“You can’t go a day without seeing news about the opioid crisis or hearing how it’s affecting someone,” says Peter Palandjian. “We’re so bombarded by the news we can become numb or indifferent, but we need to pay attention.”
Seeking to make a difference, Palandjian and his wife, Eliza Dushku, pledged $1.25 million to the Brigham Health Bridge to Recovery Clinic (Bridge Clinic), which opened in March to provide immediate care for patients with opioid addiction and other substance use disorders.
A primary care patient at Brigham and Women’s Hospital for more than a decade, Palandjian learned about the Bridge Clinic when he asked his physician, Charles Morris, MD, MPH, what steps the hospital was taking to fight the opioid crisis and how he could help. Morris was on the executive planning committee that envisioned and launched the clinic.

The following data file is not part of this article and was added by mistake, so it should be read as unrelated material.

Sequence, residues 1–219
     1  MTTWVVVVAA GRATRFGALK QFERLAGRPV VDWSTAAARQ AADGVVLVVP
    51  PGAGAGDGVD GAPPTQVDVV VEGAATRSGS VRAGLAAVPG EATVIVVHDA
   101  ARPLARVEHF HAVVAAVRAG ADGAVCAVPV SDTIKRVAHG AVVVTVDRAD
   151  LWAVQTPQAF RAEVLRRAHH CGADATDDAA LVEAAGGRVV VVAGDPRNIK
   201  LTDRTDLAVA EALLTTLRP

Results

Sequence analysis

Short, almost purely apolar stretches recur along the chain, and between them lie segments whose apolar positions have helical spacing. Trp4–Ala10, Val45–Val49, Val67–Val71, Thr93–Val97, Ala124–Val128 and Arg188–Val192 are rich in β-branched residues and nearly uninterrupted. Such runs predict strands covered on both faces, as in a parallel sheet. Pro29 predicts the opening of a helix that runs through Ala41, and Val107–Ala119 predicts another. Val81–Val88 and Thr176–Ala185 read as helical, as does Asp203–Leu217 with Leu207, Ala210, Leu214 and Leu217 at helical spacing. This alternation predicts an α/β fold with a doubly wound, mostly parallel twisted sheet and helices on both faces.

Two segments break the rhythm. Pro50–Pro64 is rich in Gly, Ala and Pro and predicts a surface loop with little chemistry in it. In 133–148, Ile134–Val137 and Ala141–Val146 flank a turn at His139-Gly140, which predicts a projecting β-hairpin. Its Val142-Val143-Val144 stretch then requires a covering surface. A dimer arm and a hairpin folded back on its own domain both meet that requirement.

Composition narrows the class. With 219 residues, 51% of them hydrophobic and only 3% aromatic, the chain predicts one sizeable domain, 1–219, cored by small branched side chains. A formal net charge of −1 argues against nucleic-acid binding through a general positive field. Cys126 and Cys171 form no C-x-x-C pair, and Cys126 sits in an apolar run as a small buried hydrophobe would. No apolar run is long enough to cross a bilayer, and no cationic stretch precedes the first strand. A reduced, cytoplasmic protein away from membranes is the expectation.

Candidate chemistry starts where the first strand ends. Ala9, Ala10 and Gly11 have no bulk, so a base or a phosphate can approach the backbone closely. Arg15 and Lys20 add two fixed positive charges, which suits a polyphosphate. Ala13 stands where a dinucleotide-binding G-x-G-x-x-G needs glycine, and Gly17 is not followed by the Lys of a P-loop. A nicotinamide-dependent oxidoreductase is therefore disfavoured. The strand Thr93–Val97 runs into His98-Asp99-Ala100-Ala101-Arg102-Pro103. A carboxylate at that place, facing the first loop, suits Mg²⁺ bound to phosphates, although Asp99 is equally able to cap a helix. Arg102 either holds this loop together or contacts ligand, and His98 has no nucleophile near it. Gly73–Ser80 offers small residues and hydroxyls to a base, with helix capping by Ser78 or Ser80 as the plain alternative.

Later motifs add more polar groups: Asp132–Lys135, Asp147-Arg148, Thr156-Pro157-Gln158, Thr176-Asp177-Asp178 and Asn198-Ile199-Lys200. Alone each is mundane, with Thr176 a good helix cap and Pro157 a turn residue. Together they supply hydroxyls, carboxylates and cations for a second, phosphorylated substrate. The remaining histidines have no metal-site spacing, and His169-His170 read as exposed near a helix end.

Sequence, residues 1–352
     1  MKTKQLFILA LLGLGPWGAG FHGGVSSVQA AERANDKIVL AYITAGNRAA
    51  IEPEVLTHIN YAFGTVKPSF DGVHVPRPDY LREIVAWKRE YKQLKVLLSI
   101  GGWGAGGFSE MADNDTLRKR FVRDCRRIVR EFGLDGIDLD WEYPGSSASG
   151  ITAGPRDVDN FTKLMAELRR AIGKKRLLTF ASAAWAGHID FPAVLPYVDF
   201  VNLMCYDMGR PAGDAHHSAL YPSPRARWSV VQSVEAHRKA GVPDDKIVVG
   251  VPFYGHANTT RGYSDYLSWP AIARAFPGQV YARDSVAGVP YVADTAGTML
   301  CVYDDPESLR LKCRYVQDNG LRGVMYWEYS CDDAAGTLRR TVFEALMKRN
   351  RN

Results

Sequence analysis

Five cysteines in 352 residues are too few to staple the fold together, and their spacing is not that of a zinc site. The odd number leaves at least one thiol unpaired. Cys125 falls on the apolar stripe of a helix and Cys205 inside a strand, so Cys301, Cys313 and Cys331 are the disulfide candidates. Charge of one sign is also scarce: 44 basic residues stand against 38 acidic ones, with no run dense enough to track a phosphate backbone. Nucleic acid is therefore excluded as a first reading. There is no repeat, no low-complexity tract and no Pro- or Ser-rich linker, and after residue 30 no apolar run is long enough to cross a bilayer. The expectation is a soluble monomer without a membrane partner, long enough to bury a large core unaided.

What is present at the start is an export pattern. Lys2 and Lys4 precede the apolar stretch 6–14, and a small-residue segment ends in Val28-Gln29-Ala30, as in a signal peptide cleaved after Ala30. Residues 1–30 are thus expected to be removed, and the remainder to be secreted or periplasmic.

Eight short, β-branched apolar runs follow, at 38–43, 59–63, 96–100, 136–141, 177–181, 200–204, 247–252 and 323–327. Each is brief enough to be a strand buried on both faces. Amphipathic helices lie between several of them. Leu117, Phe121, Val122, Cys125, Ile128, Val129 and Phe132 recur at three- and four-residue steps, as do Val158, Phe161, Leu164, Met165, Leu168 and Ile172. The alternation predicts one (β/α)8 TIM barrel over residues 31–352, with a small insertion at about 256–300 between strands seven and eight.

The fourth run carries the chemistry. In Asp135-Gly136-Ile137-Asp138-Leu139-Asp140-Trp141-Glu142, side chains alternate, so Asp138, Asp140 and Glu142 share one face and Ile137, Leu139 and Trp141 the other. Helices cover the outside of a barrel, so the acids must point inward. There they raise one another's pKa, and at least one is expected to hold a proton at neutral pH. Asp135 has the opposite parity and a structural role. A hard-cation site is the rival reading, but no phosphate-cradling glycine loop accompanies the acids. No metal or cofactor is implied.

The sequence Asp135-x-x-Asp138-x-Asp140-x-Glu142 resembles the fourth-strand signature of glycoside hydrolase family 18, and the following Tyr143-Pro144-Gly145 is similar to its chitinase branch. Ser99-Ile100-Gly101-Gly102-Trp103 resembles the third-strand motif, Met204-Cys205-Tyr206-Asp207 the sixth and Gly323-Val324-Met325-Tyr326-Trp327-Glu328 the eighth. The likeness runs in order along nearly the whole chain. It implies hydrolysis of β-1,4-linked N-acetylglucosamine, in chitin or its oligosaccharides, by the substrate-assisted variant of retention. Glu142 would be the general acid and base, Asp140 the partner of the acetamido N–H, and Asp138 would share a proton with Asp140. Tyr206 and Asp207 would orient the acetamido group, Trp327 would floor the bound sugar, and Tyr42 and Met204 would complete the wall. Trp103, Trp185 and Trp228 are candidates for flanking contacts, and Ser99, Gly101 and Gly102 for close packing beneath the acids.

“The clinic helps BWH meet the needs of patients in a more comprehensive way by providing access to medication, counseling, peer coaching, and social services, as well as food, shelter, and other resources,” says Morris, BWH’s associate chief medical officer. “It’s a critical bridge before patients are referred to a longer-term recovery program.”
“Peter and Eliza’s gift is incredibly generous,” Morris adds. “It’s allowing us to move forward with our plans to develop best practices in substance abuse treatment, research, and training, and to share what we’re learning with other institutions. Seeing the Brigham lead in this way is heartening.”
Most heartening, Morris notes, are the stories of impact he has heard from the clinic’s director, Christin Price, MD. “Dr. Price and her team are helping new patients every day,” he says. “For example, when a homeless, pregnant woman victimized by human trafficking was connected with addiction treatment, obstetrics care, and housing, she told the clinicians she now has hope—a feeling she hasn’t had in years.”
To Palandjian and Dushku, providing this level of care to patients in crisis is crucial. “We’re so happy to know the clinic is already making a difference for patients,” says Palandjian. “With our gift, we want to support the best and brightest at the Brigham working on addiction care.”